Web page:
While I not 100% sure what the chances of hitting a fuel tank were in these tests, factoring these numbers up by 10 or 20 still gives only a moderate chance of even a B kill due to an API hit on a fuel tank.  API ammunition will not - or should not - turn the 50 cals into flame throwers. ;) 

  • Upvote 1

Share this post


Link to post
Share on other sites
27 minutes ago, 216th_LuseKofte said:

Well why have it not been incorporated into the sim then? There should be a reason for a well known and documented ammo is not in this gamme

 

Knowing the dev team, they don't just want to incorporate an incendiary bullet into the sim. They want to do the research, capture how best to make it work (especially now that we have a revised damage model) and do the research to try and make it something based on the reality of how these rounds work. Not unlike how they went to human trials with G forces to inform the G modeling for pilots with and without G-suits.

 

For all we know they laid the foundation for API bullets with the damage model update.

  • Thanks 1
  • Upvote 1

Share this post


Link to post
Share on other sites
Posted (edited)
On 5/16/2020 at 4:52 AM, KW_1979 said:

Well that claim may have been for a different aircraft than Heilmann's - or perhaps it was made in error, and the damaged claim from Lt. Harrington was actually a kill.  Sadly I don't have Harrington's claim report so it's hard to draw any conclusions on that, other than knowing that the claims and actual losses were equal in this case.  Either way - it's really interesting when you can find cases like this where we have some information from both sides of the same engagement.  Fortunately, the Western front was documented quite well by all parties, and a lot of that has been researched and published, and so there are actually a lot of cases like this where its possible to put most of the pieces together.

The USAF revisited kill claims after WWII as shown in the document below, USAF Historical Study No. 85. There were a few USAAF pilots who lost their Ace status as a result.

https://archive.org/details/DTIC_ADA542272/page/n17/mode/2up

 

https://www.afhra.af.mil/Portals/16/documents/Studies/51-100/AFD-090601-066.pdf

 

 

Edited by Rjel

Share this post


Link to post
Share on other sites
44 minutes ago, ShamrockOneFive said:

They want to do the research, capture how best to make it work (especially now that we have a revised damage model)

Thanks I was not starting a 

51 minutes ago, unreasonable said:

conspiracy theory

Or at least not intentionally 

I myself just believed we had them and they did not have a obvious effect. Reading some documents in this tread I see they should do a bit of harm. 

personally after very long time in this game have grown very confused about many US planes. I read mostly pilots interview and descriptions of the planes. 
I came to realize that  a RAF pilot in N Africa praising his P 40 do it , not because it is the best plane in the world, but he might have transferred from a Gladiator. 
I have obviously not looked to closely on the context of the story about planes and ammo

Share this post


Link to post
Share on other sites

Please correct me if I am wrong, but I thought that explosions from fuel tank vapours was extremely dangerous and perhaps more of a risk than a bullet actually into the fuel itself; an empty or partially full tank being more at risk to explosion than a full fuel tank.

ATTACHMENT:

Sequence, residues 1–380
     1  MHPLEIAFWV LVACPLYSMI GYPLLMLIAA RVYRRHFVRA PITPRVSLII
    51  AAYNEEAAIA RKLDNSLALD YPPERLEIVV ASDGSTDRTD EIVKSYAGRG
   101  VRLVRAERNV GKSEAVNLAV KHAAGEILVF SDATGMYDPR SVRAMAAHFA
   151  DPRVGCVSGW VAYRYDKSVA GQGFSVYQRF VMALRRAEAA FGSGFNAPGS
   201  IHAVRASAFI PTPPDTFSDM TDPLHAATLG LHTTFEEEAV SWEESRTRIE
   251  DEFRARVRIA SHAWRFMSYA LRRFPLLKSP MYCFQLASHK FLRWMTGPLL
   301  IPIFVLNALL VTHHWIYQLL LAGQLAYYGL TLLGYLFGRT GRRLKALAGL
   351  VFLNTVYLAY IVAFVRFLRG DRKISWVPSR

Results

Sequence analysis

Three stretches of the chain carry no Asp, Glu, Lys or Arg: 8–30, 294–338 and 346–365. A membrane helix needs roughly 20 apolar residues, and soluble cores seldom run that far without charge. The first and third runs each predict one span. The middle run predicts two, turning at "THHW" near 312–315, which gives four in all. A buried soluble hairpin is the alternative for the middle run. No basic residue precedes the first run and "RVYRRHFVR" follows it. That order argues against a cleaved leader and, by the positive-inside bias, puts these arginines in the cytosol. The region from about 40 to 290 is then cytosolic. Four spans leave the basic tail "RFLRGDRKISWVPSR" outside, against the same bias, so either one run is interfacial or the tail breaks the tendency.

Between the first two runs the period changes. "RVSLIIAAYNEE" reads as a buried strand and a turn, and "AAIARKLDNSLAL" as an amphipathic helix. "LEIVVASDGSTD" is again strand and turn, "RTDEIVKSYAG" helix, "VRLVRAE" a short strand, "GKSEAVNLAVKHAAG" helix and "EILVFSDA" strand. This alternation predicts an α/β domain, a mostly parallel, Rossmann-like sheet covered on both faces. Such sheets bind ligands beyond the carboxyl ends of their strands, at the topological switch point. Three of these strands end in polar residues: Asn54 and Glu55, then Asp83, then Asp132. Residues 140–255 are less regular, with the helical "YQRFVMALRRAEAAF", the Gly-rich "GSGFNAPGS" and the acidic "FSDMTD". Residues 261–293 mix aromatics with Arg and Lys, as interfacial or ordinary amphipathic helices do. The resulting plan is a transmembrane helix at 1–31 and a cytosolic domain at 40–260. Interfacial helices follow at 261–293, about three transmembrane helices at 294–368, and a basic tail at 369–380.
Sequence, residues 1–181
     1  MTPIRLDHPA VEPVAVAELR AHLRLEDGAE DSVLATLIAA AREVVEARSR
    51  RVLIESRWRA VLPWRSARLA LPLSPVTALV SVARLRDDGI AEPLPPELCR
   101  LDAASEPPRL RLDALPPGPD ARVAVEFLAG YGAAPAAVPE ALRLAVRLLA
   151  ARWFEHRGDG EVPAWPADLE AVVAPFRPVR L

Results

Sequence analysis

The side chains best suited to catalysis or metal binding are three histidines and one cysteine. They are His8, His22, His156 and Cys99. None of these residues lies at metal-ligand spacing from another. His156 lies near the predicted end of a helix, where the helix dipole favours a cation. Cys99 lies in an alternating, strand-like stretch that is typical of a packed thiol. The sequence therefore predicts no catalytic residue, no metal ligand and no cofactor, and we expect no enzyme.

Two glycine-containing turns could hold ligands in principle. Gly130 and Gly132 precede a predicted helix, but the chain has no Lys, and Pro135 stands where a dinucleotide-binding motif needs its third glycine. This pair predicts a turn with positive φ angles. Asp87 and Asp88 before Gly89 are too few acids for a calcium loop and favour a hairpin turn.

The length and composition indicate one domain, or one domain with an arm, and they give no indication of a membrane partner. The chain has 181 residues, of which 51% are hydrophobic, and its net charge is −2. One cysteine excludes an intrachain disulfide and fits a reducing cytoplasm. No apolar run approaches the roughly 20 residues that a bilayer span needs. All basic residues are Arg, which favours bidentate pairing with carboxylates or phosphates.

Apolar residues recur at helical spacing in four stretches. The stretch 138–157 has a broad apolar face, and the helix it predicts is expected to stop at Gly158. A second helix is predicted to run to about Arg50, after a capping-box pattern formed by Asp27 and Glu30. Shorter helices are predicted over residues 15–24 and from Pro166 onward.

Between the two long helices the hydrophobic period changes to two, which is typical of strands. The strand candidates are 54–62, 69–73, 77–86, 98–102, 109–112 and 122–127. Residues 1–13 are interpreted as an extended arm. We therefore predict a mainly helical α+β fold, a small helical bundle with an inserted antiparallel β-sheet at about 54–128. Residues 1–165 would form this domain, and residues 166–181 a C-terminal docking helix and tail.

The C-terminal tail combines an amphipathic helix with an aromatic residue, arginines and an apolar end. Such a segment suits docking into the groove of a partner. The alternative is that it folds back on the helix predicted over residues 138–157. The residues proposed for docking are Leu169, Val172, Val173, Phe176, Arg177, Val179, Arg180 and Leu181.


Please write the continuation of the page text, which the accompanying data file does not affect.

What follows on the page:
As an associated point of interest, I recently read a book explaining that RAF Lancaster bombers, and other RAF aircraft types, purged their empty fuel tanks with nitrogen whilst in flight and that this saved aircraft and crews from disaster.

 

Pity the poor Bf 109 pilots, not only contained in the same cell compartment as the fuel tank, but also sitting on top of their fuel tanks and not separated from them by a bulkhead with some fire/explosion protection like some other fighter aircraft.

 

Happy landings,

 

56RAF_Talisman

Share this post


Link to post
Share on other sites
Posted (edited)

Explosions are much rarer than fires, even if the fuel tanks are not purged of air, simply because the fuel-air mixture and temperature range in which an explosion can occur is much narrower than the equivalent range for fires.  a800109 notes in passing that the Russians used purging from the start of WW2.  I would guess that nearly all mid air explosions in WW2 were from ammunition or bombs being hit, rather than fuel tanks, but I am not sure how exactly this could be confirmed/refuted, perhaps some aircraft types were unusually vulnerable.

 

Fuel tank fires will not usually occur inside the tank itself although you could get one if it is holed above the fuel line with a non self sealing hole big enough to admit air.  I think the most common event would be there is enough damage to the fuel tank walls that fuel can escape, mix with air outside the tank and be ignited.  Then they have be be not blown out by slipstream and continue to receive a flow of fuel and air - ie the tank must not self seal and put out the initial fire.  Fuel lines are perhaps more vulnerable than the tanks themselves.

 

BTW a800109 is well worth reading for anyone interested in this topic.

Edited by unreasonable

Share this post


Link to post
Share on other sites
Posted (edited)
2 hours ago, 56RAF_Talisman said:

Please correct me if I am wrong, but I thought that explosions from fuel tank vapours was extremely dangerous and perhaps more of a risk than a bullet actually into the fuel itself; an empty or partially full tank being more at risk to explosion than a full fuel tank.